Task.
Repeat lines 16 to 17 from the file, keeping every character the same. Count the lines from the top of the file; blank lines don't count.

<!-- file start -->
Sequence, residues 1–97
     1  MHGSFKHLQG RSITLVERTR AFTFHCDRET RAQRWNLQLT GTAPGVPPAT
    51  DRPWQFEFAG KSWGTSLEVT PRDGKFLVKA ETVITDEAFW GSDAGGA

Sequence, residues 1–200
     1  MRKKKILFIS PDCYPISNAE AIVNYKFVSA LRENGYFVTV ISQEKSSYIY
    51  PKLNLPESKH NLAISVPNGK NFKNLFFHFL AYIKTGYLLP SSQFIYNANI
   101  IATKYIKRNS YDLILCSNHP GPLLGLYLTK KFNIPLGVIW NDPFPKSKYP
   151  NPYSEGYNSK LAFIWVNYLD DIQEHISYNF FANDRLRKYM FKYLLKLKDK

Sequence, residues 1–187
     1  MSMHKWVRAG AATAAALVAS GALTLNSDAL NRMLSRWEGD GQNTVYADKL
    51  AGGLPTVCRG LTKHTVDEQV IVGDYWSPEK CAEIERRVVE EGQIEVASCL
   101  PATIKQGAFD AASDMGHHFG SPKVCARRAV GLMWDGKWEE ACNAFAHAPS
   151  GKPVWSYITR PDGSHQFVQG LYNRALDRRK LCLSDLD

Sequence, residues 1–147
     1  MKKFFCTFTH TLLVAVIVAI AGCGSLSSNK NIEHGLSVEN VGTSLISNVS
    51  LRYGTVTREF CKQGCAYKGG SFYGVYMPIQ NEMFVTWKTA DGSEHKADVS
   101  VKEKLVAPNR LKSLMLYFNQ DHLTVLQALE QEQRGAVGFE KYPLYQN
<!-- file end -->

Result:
    51  LRYGTVTREF CKQGCAYKGG SFYGVYMPIQ NEMFVTWKTA DGSEHKADVS
   101  VKEKLVAPNR LKSLMLYFNQ DHLTVLQALE QEQRGAVGFE KYPLYQN